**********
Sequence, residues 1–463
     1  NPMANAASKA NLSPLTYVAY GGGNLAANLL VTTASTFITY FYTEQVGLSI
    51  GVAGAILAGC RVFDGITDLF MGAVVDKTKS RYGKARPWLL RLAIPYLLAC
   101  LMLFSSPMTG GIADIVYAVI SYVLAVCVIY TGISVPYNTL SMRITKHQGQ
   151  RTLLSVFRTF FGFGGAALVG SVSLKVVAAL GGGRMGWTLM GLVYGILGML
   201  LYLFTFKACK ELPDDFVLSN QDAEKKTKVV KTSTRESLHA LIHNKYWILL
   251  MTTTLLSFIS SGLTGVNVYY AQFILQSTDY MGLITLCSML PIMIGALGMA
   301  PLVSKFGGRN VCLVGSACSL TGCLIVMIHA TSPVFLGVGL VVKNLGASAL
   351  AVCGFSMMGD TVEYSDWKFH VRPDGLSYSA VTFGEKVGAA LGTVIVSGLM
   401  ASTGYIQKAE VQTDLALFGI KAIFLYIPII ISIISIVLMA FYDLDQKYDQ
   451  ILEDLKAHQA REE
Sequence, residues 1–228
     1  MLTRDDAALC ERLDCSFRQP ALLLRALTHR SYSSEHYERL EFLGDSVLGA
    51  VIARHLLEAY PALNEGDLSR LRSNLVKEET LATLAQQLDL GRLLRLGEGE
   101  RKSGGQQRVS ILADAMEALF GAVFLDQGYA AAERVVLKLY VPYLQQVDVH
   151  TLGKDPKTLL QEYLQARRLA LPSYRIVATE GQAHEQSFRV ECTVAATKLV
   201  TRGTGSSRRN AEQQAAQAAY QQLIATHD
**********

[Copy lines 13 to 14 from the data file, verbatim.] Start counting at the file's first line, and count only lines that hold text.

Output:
     1  MLTRDDAALC ERLDCSFRQP ALLLRALTHR SYSSEHYERL EFLGDSVLGA
    51  VIARHLLEAY PALNEGDLSR LRSNLVKEET LATLAQQLDL GRLLRLGEGE